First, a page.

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Making & Breaking Machine Learning Anomaly Detectors in Real Life by Clarence Chio - CODE BLUE 2015

Machine learning-based (ML) techniques for network intrusion detection have gained notable traction in the web security industry over the past decade. Some Intrusion Detection Systems (IDS) successfully used these techniques to detect and deflect network intrusions before they could cause significant harm to network services. Simply put, IDS systems construct a signature model of how normal traffic looks, using data retrieved from web access logs as input. Then, an online processing system is put in place to maintain a model of how expected network traffic looks like, and/or how malicious traffic looks like. When traffic that is deviant from the expected model exceeds the defined threshold, the IDS flags it as malicious. The theory behind it was that the more data the system sees, the more accurate the model would become. This provides a flexible system for traffic analysis, seemingly perfect for the constantly evolving and growing web traffic patterns.

However, this fairytale did not last for long. It was soon found that the attackers had been avoiding detection by ‘poisoning’ the classifier models used by these PCA systems. The adversaries slowly train the detection model by sending large volumes of seemingly benign web traffic to make the classification model more tolerant to outliers and actual malicious attempts. They succeeded.

In this talk, we will do a live demo of this 'model-poisoning' attack and analyze methods that have been proposed to decrease the susceptibility of ML-based network anomaly detection systems from being manipulated by attackers. Instead of diving into the ML theory behind this, we will emphasize on examples of these systems working in the real world, the attacks that render them impotent, and how it affects developers looking to protect themselves from network intrusion. Most importantly, we will look towards the future of ML-based network intrusion detection.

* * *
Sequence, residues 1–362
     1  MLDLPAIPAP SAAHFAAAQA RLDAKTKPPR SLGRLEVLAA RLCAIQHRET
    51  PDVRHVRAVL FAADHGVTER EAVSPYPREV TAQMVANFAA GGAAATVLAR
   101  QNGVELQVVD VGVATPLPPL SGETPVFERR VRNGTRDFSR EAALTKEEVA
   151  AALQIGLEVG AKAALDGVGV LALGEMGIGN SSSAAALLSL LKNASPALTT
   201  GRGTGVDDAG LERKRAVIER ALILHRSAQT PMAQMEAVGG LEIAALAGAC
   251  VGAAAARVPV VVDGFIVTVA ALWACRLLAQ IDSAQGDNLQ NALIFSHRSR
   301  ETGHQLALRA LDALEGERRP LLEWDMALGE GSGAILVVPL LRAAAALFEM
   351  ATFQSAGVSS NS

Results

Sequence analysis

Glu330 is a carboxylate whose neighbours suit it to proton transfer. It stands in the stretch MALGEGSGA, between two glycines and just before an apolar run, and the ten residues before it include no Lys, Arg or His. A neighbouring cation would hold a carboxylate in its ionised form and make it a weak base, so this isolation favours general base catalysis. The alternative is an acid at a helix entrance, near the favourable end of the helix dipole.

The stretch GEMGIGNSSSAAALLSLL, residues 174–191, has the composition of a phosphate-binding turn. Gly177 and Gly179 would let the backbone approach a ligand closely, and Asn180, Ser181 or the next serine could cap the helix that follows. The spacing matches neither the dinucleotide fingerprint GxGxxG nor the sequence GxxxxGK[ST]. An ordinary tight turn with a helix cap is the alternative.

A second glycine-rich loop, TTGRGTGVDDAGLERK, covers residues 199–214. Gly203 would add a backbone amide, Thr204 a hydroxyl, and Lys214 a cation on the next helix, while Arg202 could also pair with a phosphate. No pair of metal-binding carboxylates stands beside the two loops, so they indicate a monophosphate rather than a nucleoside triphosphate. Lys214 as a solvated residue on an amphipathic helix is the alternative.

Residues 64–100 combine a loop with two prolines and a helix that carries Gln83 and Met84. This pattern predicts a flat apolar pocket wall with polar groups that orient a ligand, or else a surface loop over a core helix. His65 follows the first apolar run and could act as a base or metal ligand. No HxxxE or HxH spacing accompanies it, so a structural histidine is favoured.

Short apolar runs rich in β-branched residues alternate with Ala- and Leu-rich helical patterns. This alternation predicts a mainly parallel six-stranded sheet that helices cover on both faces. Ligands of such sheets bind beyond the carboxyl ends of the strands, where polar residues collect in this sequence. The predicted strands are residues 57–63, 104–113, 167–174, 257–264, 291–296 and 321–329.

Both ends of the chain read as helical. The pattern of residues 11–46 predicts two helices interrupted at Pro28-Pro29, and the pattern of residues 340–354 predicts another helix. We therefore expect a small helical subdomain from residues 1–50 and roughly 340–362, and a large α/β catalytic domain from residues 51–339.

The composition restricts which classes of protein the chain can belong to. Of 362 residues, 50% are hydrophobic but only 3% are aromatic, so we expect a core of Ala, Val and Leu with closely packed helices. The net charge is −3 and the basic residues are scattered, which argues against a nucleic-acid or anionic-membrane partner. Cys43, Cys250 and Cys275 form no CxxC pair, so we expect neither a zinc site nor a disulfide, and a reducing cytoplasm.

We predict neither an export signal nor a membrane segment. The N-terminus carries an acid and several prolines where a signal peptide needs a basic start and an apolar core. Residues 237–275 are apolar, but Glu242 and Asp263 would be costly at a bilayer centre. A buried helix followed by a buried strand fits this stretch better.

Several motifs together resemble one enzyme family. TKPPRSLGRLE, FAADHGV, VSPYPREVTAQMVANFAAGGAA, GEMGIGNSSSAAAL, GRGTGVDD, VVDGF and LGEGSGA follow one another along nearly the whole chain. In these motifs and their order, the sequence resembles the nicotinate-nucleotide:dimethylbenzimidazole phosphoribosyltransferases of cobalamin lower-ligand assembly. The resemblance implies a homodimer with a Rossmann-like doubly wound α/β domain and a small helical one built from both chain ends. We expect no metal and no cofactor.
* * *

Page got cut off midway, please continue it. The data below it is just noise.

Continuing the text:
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Making & Breaking Machine Learning Anomaly Detectors in Real Life by Clarence Chio - CODE BLUE 2015

  1. 1. Making & Breaking Machine Learning Anomaly Detectors in Real Life
  2. 2. Machine Learning
  3. 3. My goal • give an overview of Machine Learning Anomaly Detectors • spark discussions on when/where/how to create these • explore how “safe” these systems are • discuss where we go from here
  4. 4. Anomaly Detection Machine Learningvs. Taxonomy
  5. 5. Taxonomy Anomaly DetectionMachine Learning Heuristics/Rule-based Predictive ML
  6. 6. Intrusion detection?
  7. 7. 199.72.81.55 - - [01/Jul/1995:00:00:01 -0400] "GET /history/apollo/ HTTP/1.0" 200 6245 unicomp6.unicomp.net - - [01/Jul/1995:00:00:06 -0400] "GET /shuttle/countdown/ HTTP/1.0" 200 3985 199.120.110.21 - - [01/Jul/1995:00:00:09 -0400] "GET /shuttle/missions/sts-73/mission- sts-73.html HTTP/1.0" 200 4085 burger.letters.com - - [01/Jul/1995:00:00:11 -0400] "GET /shuttle/countdown/liftoff.html HTTP/ 1.0" 304 0 199.120.110.21 - - [01/Jul/1995:00:00:11 -0400] "GET /shuttle/missions/sts-73/sts-73-patch- small.gif HTTP/1.0" 200 4179 burger.letters.com - - [01/Jul/1995:00:00:12 -0400] "GET /images/NASA-logosmall.gif HTTP/1.0" 304 0 burger.letters.com - - [01/Jul/1995:00:00:12 -0400] "GET /shuttle/countdown/video/ livevideo.gif HTTP/1.0" 200 0 205.212.115.106 - - [01/Jul/1995:00:00:12 -0400] "GET /shuttle/countdown/countdown.html HTTP/ 1.0" 200 3985 how to find anomalies in these???
  8. 8. Why are ML-based techniques attractive compared to threshold/rule-based heuristics? • adaptive • dynamic • minimal human intervention (theoretically)
  9. 9. but…